# On the dynamics and control of a squirrel locking its head/eyes toward a fixed spot for safe landing while its body is tumbling in air

^{1}Department of Automation, Tsinghua University, Beijing, China^{2}Department of Aerospace and Engineering Mechanics, University of Cincinnati, Cincinnati, OH, United States

An arboreal mammal such as a squirrel can amazingly lock its head (and thus eyes) toward a fixed spot for safe landing while its body is tumbling in air after unexpectedly being thrown into air. Such an impressive ability of body motion control of squirrels has been shown in a recent YouTube video, which has amazed public with over 100 million views. In the video, a squirrel attracted to food crawled onto an ejection device and was unknowingly ejected into air by the device. During the resulting projectile flight, the squirrel managed to quickly turn its head (eyes) toward and then keeps staring at the landing spot until it safely landed on feet. Understanding the underline dynamics and how the squirrel does this behavior can inspire robotics researchers to develop bio-inspired control strategies for challenging robotic operations such as hopping/jumping robots operating in an unstructured environment. To study this problem, we implemented a 2D multibody dynamics model, which simulated the dynamic motion behavior of the main body segments of a squirrel in a vertical motion plane. The inevitable physical contact between the body segments is also modeled and simulated. Then, we introduced two motion control methods aiming at locking the body representing the head of the squirrel toward a globally fixed spot while the other body segments of the squirrel were undergoing a general 2D rotation and translation. One of the control methods is a conventional proportional-derivative (PD) controller, and the other is a reinforcement learning (RL)-based controller. Our simulation-based experiment shows that both controllers can achieve the intended control goal, quickly turning and then locking the head toward a globally fixed spot under any feasible initial motion conditions. In comparison, the RL-based method is more robust against random noise in sensor data and also more robust under unexpected initial conditions.

## 1 Introduction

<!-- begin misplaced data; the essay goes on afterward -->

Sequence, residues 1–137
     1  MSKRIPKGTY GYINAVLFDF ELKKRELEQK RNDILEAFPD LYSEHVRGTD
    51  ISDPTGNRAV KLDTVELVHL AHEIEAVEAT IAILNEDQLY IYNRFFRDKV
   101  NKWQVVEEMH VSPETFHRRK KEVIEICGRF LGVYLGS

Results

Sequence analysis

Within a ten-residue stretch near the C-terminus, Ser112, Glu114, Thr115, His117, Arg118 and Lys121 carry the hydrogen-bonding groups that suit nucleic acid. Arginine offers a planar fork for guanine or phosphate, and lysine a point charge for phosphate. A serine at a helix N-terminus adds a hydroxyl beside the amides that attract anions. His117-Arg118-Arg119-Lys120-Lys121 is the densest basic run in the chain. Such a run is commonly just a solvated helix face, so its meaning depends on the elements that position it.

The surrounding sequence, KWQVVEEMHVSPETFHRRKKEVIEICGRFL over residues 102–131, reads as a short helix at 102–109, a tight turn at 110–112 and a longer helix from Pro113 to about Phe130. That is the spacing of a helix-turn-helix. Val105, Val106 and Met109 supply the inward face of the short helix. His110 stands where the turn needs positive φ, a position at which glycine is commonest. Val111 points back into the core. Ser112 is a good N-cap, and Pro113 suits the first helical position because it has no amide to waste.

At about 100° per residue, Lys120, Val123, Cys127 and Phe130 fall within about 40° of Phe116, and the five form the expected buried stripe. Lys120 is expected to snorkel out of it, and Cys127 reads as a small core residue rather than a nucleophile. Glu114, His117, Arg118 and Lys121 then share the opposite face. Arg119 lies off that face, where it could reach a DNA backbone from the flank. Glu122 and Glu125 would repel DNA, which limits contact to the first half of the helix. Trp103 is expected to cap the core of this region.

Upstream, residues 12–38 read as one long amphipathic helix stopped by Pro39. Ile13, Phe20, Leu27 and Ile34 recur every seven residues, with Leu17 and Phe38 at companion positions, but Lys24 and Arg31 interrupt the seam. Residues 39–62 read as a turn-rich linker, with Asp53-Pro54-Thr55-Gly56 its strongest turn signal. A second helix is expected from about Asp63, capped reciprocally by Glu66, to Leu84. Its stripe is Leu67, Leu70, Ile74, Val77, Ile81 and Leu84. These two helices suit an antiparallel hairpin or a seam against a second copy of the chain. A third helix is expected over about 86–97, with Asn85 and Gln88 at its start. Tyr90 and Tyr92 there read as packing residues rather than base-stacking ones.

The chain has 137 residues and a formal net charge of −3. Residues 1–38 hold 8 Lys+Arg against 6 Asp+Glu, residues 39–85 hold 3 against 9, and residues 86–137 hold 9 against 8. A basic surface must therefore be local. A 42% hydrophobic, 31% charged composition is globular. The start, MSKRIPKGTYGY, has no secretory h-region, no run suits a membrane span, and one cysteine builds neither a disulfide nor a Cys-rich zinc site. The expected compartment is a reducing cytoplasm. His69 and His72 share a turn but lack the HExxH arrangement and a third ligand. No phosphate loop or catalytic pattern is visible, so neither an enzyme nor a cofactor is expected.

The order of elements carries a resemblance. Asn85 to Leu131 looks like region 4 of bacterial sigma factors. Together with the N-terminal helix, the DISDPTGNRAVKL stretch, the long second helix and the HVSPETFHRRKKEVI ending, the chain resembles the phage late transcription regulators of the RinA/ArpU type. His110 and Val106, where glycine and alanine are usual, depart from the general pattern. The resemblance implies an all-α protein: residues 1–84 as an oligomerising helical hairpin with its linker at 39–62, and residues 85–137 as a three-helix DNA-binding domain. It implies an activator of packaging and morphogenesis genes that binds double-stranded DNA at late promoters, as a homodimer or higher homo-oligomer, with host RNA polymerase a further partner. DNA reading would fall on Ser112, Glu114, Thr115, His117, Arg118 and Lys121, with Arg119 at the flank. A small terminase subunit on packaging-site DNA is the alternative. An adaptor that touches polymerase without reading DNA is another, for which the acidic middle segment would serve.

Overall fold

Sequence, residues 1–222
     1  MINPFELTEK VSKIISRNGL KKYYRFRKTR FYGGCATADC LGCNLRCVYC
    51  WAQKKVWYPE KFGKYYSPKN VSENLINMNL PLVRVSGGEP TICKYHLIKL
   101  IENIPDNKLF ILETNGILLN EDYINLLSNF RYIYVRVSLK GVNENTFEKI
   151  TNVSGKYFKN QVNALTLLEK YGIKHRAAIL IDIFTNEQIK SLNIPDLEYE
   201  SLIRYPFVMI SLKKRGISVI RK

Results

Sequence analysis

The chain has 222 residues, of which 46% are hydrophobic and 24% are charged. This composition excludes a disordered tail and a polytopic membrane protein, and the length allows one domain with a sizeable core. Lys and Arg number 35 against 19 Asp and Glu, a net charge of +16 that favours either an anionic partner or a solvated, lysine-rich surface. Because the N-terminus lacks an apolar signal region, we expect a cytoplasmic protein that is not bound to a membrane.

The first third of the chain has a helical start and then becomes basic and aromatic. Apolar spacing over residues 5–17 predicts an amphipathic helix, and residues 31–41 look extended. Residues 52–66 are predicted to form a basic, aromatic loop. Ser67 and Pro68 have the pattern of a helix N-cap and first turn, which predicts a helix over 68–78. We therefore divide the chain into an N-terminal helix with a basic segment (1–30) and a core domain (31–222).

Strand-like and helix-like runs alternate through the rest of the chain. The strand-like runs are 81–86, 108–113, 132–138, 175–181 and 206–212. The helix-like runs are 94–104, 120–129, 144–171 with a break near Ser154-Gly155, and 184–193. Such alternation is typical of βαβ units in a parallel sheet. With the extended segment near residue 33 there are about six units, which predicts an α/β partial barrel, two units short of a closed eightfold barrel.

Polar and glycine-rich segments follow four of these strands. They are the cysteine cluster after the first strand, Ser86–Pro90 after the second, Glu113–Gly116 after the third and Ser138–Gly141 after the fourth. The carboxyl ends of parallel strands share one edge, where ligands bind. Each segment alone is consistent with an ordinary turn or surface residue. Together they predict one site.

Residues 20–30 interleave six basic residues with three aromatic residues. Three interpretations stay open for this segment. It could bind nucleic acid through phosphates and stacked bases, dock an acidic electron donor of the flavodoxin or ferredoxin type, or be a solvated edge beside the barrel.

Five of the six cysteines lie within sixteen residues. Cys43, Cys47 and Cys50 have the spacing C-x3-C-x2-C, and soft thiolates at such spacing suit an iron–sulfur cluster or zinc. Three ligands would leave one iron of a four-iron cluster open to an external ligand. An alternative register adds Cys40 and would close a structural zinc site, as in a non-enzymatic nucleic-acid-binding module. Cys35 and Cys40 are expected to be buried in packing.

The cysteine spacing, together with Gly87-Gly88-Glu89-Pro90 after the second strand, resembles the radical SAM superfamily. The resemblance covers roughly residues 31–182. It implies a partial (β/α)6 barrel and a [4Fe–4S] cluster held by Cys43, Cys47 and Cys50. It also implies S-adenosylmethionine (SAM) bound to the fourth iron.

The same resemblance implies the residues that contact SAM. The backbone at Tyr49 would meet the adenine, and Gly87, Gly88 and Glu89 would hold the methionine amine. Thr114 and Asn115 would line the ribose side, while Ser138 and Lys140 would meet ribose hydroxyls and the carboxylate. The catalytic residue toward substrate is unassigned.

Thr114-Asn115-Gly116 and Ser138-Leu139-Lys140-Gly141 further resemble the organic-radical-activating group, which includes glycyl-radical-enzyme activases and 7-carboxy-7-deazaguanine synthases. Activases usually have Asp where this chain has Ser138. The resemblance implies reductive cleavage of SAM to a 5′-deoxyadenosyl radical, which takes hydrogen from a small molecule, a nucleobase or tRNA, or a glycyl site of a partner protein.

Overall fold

The righting reflex of animals is the ability to correct their body posture (orientation) from an abnormal posture on emergency. A well-known example is that when a cat falls from a high position, it can always manage to change its body orientation and land right on its feet even if it falls from an upside-down posture (Kane and Scher, 1969). A similar phenomenon has also been observed on many other species, such as lizards (Sinervo and Losos, 1991; Schlesinger et al., 1993) and rats (Laouris et al., 1990). Such a mid-air body posture control ability helps animals reduce the risk of body injury from a free fall. This kind of amazing body posture control (attitude control) behavior of cats and other animals is difficult to understand due to the conservation of momentum, which tells us that in a free fall, nobody (regardless a human or animal) can change their angular momentum by moving body segments (head, limbs, tail, *etc.*) because all the efforts generate internal forces/moments only. Therefore, the well-known cat free-fall problem has motivated many research efforts in the past, and the findings have been well documented (Fernandes et al., 1993; Arabyan and Tsai, 1998; Weng and Nishimura, 2000; Xu et al., 2012).Arboreal mammals such as squirrels face higher risk of unexpected falls than cats (Young and Chadwell, 2020) due to their natural habitats and aggressive activities. Squirrels are hardly injured by falls from height because of their impressive self-control ability of their body posture. In a highly popular YouTube video (Rober, 2020), squirrels were lured by food onto an ejection device and they were suddenly ejected into air (as shown in Figure 1). Obviously, the ejection caused their bodies to tumble (general 3D rotation) and free fall in air. Amazingly, an ejected squirrel could quickly (within 0.1 s) turn its head toward where it would land and then lock its head (thus eyes) to that direction for staring at the landing spot, while the rest of its body continued tumbling in air. At the end, the squirrel always landed at it stared landing spot with its feet touching down first. The squirrels’ such amazing behavior of locking head toward a fixed spot understandingly is for better situation awareness and safe landing. However, the question of how they can achieve that capability from dynamics and control perspective has not been studied in the literature. Our research is to address this problem.